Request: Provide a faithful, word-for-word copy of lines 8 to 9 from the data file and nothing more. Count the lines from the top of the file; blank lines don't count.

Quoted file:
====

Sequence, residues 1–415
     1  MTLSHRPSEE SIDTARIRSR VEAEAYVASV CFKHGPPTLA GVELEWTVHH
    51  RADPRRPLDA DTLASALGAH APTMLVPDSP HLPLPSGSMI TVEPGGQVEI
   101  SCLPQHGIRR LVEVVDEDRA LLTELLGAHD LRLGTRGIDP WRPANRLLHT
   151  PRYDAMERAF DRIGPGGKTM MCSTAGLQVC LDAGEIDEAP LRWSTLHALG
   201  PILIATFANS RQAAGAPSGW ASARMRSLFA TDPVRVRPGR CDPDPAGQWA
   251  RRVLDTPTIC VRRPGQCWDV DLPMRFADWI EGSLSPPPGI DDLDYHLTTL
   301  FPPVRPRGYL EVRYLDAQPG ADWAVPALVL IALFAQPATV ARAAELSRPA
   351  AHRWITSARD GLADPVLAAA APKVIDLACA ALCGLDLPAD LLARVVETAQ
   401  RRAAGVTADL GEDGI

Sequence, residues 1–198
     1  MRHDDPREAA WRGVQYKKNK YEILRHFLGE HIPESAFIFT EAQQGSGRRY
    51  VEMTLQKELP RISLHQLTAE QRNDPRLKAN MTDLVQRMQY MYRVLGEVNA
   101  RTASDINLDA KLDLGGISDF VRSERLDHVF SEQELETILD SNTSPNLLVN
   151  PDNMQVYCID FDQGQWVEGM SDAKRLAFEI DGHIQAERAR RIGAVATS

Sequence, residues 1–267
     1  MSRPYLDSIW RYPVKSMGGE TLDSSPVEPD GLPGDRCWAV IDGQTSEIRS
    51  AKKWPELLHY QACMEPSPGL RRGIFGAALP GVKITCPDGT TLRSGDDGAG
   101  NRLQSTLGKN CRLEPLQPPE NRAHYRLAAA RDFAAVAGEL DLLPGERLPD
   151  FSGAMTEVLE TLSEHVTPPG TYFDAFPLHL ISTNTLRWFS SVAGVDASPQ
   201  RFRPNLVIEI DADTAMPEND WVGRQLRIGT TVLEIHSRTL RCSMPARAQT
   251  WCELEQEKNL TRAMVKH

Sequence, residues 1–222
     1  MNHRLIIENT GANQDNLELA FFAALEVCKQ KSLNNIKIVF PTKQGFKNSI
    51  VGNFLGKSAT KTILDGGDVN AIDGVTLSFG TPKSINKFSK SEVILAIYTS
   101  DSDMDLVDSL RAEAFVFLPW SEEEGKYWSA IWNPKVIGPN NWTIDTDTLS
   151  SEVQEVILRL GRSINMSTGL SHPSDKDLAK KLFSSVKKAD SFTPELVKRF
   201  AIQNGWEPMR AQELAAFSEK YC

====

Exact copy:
   301  FPPVRPRGYL EVRYLDAQPG ADWAVPALVL IALFAQPATV ARAAELSRPA
   351  AHRWITSARD GLADPVLAAA APKVIDLACA ALCGLDLPAD LLARVVETAQ